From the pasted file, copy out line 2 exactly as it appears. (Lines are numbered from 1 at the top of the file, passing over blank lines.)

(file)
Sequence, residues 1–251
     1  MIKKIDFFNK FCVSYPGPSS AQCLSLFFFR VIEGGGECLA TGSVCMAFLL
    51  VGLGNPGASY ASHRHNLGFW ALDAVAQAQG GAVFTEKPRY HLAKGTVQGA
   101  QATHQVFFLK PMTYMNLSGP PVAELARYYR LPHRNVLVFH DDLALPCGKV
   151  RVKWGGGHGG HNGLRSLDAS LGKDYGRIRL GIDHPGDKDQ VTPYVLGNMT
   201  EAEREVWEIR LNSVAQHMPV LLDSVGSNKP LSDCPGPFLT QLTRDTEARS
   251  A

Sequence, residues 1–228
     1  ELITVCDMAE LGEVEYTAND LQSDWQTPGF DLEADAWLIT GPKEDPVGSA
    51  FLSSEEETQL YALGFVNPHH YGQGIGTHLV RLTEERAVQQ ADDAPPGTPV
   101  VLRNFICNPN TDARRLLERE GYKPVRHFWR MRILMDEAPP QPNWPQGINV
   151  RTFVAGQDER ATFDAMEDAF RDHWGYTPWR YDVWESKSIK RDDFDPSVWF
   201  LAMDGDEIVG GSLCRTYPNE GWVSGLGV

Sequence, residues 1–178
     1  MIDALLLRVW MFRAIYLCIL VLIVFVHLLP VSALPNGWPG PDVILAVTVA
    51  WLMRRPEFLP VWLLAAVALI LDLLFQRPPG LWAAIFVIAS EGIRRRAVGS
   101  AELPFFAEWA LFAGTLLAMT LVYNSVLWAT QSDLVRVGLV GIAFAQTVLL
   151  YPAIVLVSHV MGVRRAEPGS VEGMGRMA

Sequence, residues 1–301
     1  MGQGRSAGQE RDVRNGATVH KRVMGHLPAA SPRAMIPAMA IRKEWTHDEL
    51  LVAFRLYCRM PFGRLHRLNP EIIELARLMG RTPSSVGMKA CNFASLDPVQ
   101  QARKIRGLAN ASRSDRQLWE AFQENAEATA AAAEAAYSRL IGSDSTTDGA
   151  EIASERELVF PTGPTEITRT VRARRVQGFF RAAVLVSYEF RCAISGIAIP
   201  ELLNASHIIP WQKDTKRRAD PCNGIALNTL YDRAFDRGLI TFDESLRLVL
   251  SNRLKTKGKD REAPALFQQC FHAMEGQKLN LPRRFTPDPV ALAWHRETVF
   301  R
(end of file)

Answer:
     1  MIKKIDFFNK FCVSYPGPSS AQCLSLFFFR VIEGGGECLA TGSVCMAFLL